When I close my eyes and think about my kids’ reality in the future, I envision that there will be a technology that helps companies precisely understand everyone, everywhere.​ This technology will intelligently combine people’s realities, expectations, and behaviors to build unique, unintrusive, and empathetic conversations that will explain the complexity of the human decision-making process at scale.

This technology will not be boring or static. It will be beautiful and dynamic, and it will empower people and organizations around the world to discover their worth.

At Worthix, we like to use the phrase “Lead Through Empathy.” And essentially what our technology does is allows companies to put a process behind empathy and secure a sustainable way to connect with their customers and understand the “why behind the buy.”

If companies can lead through empathy, this gives them a massive advantage over their competitors. Empathetic leadership protects you from disruption, because you’ll be constantly keeping up with your customers’ expectations as they change. By outliving competitors and avoiding disruption, companies will continue bringing empathetic innovation and technology to the market.

Keeping “Black Mirror” in mind can you see any potential drawbacks about this technology that people should think more deeply about?

I don’t actually believe in that. I believe that society has always found a way to self-regulate and balance it out.

Was there a “tipping point” that led you to this breakthrough? Can you tell us that story?

When I was the CEO at my first company, the survey technology company, I noticed that a lot of our clients were skeptical of whether their Customer Satisfaction and Net Promoter System (trademark by Satmetrix and Bain & Co) programs could truly explain customers’ decisions, sales, churn and loyalty. So, I decided to leverage all the data we had to investigate whether this was the case. We found that in most cases, measuring Satisfaction and NPS was not enough, and sometimes these metrics were even misleading companies that were basing their strategies on these numbers. In 2009, for example, BlackBerry’s Customer Satisfaction score was at its highest. That was also the same year they lost most of their customers to Apple. Respondents were not lying in their surveys; BlackBerry was simply asking them the wrong question.​

So I started on a journey to find a solution that could better explain customers’ decisions. I built a team of economists and researchers and began testing out different scientific methodologies to try and explain customer decisions. I was hitting a dead-end and at the end of my rope when one day my kid who was eight at the time, asked me a simple question: “Dad, how do I make money?” It was in trying to find the answer to this question in simple terms that an 8-year-old could understand that I had the idea that sparked the creation of Worthix — understanding that as humans, we are faced with multiple decisions along the course of our lives; some big and some small. We tend to make these decisions by weighing out the cost vs. benefit of the options we are given. In purchase decisions, we decide whether or not a product or service is worth the time/money/effort we have to put forward in order to gain that benefit. If it is in fact worth it, regardless of the price, we will buy it. This is what Worthix was built to explain: what makes a product or service “worth it” to its customers — or not!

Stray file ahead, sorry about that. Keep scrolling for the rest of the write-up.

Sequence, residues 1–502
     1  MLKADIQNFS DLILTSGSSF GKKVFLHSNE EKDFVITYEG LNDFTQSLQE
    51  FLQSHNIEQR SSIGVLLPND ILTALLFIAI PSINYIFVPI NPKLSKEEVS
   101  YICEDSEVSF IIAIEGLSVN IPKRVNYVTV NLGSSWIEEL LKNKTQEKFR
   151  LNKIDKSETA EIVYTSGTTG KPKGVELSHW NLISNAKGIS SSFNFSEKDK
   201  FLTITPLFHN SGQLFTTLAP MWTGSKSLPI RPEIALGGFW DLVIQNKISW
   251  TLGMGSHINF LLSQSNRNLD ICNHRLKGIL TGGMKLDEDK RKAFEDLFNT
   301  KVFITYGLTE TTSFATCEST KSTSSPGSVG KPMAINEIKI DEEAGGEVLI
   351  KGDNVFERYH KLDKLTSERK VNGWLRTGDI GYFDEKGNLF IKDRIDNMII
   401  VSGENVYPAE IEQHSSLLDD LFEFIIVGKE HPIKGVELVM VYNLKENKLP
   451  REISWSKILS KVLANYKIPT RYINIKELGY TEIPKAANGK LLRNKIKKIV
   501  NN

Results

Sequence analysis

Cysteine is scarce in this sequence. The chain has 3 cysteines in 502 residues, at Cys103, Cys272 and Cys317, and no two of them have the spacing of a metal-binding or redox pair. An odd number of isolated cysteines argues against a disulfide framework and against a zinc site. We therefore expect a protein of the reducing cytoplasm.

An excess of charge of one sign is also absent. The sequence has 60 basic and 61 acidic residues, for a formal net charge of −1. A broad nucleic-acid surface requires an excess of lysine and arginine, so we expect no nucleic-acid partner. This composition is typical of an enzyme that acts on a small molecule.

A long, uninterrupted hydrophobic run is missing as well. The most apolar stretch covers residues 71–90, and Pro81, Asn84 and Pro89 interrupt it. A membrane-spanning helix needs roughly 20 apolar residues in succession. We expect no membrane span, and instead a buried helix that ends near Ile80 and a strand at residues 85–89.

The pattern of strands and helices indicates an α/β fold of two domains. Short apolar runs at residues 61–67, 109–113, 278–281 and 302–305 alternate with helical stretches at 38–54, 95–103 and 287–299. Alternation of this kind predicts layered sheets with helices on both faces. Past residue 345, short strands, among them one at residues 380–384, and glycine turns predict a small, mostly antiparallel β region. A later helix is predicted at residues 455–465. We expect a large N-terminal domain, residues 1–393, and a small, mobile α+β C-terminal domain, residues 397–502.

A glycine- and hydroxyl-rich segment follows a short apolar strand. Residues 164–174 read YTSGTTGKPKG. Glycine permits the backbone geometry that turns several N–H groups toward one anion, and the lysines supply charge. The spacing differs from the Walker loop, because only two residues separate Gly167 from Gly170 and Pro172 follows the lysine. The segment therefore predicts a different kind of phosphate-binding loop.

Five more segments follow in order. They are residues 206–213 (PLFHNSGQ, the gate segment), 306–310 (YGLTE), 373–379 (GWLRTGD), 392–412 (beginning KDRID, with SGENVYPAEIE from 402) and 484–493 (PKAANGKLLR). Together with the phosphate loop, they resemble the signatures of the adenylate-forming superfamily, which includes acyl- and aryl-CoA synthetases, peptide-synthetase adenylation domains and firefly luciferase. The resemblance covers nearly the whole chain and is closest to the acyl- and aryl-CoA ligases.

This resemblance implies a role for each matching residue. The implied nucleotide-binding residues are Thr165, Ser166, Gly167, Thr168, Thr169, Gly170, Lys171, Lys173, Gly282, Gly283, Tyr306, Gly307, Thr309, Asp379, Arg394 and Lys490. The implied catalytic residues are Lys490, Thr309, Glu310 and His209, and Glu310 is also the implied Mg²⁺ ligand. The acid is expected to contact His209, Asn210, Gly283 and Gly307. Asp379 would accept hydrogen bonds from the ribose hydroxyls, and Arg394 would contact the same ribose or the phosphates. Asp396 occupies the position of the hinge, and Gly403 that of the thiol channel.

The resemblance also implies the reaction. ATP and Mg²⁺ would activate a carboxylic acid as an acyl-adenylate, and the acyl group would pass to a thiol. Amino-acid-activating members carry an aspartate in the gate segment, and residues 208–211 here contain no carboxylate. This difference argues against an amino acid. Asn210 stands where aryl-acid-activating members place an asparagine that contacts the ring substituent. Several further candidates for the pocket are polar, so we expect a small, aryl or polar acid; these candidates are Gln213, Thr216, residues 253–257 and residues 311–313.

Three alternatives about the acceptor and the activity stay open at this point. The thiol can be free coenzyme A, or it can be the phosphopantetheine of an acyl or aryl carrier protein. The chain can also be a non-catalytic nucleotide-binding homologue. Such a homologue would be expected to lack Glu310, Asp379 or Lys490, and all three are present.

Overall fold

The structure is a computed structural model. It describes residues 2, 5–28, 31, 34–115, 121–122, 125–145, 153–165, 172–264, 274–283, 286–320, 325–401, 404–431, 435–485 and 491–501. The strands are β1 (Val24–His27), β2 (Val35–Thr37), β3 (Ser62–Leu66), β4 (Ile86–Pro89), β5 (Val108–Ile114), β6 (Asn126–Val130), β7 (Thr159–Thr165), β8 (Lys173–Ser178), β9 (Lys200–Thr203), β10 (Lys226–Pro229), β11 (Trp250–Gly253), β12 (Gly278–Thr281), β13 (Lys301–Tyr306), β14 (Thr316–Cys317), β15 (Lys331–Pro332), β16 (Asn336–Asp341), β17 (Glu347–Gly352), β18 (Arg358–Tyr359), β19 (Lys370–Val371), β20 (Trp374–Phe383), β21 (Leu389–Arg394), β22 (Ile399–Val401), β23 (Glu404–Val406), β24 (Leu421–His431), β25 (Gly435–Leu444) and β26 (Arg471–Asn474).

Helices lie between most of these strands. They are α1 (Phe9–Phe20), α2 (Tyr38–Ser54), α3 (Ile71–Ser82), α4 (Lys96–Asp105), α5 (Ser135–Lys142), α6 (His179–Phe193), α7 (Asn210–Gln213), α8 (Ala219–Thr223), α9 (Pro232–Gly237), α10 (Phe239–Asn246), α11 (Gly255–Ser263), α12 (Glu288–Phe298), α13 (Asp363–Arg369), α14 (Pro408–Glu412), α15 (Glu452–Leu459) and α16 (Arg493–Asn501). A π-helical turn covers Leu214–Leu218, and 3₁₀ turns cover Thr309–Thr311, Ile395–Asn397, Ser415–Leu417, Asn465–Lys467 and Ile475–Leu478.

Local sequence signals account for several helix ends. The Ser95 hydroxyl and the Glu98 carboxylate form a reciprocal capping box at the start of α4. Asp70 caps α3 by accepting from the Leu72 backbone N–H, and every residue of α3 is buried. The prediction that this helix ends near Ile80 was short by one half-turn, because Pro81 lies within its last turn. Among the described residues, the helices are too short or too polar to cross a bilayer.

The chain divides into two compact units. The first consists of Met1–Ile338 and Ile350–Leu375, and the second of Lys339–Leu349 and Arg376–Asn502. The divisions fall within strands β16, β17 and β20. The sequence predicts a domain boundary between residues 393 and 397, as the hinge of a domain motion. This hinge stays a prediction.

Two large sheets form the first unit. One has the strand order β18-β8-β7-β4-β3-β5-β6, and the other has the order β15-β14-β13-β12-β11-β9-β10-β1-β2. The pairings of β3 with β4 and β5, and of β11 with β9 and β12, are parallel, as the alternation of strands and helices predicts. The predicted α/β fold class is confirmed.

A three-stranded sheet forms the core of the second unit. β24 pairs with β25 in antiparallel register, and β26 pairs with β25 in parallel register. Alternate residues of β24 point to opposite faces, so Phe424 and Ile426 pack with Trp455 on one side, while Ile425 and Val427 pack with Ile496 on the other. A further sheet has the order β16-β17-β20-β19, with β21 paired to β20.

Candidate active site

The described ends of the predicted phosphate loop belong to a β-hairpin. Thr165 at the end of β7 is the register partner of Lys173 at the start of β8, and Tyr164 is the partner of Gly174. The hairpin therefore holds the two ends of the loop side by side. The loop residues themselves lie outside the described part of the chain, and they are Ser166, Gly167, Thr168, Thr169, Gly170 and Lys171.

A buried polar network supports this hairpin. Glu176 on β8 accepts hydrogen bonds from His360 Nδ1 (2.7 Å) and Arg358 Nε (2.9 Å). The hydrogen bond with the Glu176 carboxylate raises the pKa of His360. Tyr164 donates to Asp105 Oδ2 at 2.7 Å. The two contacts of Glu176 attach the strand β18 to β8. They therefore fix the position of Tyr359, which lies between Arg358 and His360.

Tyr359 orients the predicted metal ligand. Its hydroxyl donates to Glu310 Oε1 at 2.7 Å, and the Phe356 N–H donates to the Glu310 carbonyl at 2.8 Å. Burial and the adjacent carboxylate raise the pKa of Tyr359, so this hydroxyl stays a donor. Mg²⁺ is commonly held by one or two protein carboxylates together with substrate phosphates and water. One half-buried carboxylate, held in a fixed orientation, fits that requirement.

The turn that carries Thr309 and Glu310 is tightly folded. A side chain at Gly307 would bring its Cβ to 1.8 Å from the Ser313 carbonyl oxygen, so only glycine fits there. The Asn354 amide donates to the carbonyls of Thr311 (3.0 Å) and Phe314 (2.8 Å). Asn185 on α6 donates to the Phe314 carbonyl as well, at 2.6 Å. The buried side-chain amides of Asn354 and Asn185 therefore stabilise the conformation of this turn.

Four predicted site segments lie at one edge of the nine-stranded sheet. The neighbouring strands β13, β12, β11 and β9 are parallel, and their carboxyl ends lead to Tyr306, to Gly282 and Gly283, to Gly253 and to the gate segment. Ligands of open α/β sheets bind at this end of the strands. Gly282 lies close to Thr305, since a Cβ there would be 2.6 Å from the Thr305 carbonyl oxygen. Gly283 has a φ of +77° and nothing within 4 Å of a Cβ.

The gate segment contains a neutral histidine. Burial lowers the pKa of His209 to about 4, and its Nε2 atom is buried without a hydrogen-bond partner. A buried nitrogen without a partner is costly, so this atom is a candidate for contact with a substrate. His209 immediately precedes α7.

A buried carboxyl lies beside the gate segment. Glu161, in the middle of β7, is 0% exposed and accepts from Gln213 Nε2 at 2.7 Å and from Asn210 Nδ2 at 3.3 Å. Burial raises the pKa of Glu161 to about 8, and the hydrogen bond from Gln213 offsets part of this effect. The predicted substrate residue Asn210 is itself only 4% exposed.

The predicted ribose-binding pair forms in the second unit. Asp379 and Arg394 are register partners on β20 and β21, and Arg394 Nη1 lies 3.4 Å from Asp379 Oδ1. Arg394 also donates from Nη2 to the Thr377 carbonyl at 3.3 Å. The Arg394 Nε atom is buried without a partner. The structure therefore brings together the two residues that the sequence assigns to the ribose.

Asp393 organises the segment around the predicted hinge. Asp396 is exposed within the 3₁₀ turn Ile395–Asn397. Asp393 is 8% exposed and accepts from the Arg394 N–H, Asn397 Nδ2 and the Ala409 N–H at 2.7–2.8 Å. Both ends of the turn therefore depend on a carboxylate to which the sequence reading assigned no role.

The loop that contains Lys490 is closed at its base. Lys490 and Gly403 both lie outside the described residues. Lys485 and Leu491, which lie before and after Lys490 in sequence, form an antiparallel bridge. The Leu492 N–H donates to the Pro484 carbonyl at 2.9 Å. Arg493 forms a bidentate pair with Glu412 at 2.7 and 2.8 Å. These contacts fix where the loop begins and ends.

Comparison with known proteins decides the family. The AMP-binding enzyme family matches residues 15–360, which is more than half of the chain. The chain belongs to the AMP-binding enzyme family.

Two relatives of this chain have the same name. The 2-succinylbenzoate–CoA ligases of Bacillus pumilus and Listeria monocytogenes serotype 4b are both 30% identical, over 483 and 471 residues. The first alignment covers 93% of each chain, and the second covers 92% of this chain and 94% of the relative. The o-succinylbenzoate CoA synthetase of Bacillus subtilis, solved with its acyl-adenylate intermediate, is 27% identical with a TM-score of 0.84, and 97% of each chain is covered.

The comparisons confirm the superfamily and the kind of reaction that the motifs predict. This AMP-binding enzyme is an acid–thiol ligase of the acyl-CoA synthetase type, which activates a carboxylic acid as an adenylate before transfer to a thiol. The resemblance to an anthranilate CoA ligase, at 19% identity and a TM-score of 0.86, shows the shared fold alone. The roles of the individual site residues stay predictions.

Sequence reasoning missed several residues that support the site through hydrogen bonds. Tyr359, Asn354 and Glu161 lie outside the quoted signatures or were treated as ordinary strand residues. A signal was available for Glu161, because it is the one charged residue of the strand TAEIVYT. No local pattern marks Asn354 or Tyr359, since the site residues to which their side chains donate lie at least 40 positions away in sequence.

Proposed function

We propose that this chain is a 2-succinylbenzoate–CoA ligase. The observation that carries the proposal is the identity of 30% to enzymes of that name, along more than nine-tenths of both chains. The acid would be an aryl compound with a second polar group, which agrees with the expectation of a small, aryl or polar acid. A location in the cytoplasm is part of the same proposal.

What do you need to lead this technology to widespread adoption?

In order to reach widespread adoption, I need companies to be as innovative as they claim to be! Companies are terrified of disruption, but they’re equally terrified of innovation! B2B sales-cycles for innovative technology tend to be long, because it is so difficult to convince organizations that they need to innovate in order to survive. Startups aren’t afraid of innovating, or pivoting, or playing a high-risk game. And that’s why in the last decade so many of them have overtaken legacy companies.

It’s clear to everyone at Worthix that we have a crucial role in the market and we have a very clear understanding of the problem that only we can solve, which is: Companies can’t continuously have personalized conversations with everyone, everywhere to understand customer decisions.

Once the market grasps that any success is fickle without a consistent method to understand your customers on a consistent and granular level, and that conversations are the way to do this, it’s extremely easy for companies to understand our value.

What have you been doing to publicize this idea? Have you been using any innovative marketing strategies?